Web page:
"You are doing a great job. We just don't listen. I remember my friends used to think you are jealous when you spoke about Eurex, we were even talking about you the day before it collapsed. They lost and now respect but they can't tell you because they are ashamed, one thing I can tell you, they read your articles every week!!"My reply went like this:
"Many thanks for your very kind words. One of the things that makes me angriest about scams like Eurextrade is the position in which it leaves decent people once the scheme collapses. The shame that victims feel can be as bad as the financial loss they experience. Yes, you can argue they were gullible but that doesn't mean they aren't suffering. I just hope they can convert that shame into justifiable anger that can be directed towards the local recruiting agents for the scam. And towards the various regulators with the power to stop these schemes. Yes Bank of Botswana, I'm sorry, I DO mean you. See Section 3 of the Bank of Botswana Act. You have the power."Section 3 of the Bank of Botswana Act includes:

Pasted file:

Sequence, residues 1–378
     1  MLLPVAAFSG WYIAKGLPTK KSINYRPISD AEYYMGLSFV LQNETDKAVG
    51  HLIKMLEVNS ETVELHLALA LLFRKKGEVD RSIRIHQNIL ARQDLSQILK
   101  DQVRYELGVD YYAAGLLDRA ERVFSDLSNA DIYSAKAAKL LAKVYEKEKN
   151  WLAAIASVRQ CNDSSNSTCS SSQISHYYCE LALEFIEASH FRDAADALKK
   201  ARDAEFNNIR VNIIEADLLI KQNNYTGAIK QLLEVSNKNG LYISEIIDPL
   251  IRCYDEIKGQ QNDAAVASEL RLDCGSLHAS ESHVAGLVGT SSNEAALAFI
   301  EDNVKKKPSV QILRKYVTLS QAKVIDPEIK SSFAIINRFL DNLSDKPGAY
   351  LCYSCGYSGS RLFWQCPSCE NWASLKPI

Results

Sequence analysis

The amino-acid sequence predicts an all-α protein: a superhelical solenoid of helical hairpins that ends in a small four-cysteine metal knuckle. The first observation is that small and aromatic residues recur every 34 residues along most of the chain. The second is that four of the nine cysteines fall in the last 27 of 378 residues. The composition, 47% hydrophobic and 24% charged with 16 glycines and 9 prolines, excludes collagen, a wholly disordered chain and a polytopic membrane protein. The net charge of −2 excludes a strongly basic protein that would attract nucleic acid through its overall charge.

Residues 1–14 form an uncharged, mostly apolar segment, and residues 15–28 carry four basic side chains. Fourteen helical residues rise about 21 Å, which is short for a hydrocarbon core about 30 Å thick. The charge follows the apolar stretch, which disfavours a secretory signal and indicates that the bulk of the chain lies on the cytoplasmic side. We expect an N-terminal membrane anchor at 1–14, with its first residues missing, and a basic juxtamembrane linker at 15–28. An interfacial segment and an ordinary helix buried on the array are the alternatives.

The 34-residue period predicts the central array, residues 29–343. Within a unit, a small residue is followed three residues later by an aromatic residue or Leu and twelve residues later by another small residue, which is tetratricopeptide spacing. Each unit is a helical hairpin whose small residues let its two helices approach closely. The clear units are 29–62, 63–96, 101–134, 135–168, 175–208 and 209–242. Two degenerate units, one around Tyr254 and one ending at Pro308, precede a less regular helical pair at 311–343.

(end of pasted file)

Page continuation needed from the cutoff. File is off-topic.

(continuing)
"3. Authority to transact banking business"Banking business" is defined in the Act as, amongst other things:
(1) No person shall transact banking business in Botswana without a valid licence issued by the Central Bank."
"the employment of deposits in the making or giving of loans, advances, overdrafts or other similar facilities, and in the making of investments" (my emphasis)Eurextrade sold itself as an investment scheme, as did Oil of Asia, Felmina Alliance, even pyramid schemes like TVI Express. Bank of Botswana have the power and the duty to step in and stop these things.
Ah, you might say, but these schemes operate overseas in scammer-havens such as Panama and the British Virgin Islands. That's true, but who does the recruiting for these schemes? People in Panama and BVI?
No, our neighbours do, people right here in Botswana.
But do the Bank of Botswana have the power to intervene? They most certainly do. Section 5 of the Bank of Botswana Act ("Investigation of unlicensed banking") empowers them, if they believe someone "is transacting business in violation of section 3", to inspect and retain "all books, minutes, records, cash, securities and any other documents in such person's possession or custody".
If they find evidence of wrong-doing they can then "order such activities to be suspended forthwith".
Failure to comply with the inspection can lead to the perpetrator becoming "liable to a fine of P10 000 and to imprisonment for three years."
Failure to comply with an order to stop any illegal activities can then lead to the perpetrator receiving "a fine of P2 000 for each day on which the contravention occurs or continues to occur, and to imprisonment for three years."
So let's get on with it, shall we, Bank of Botswana?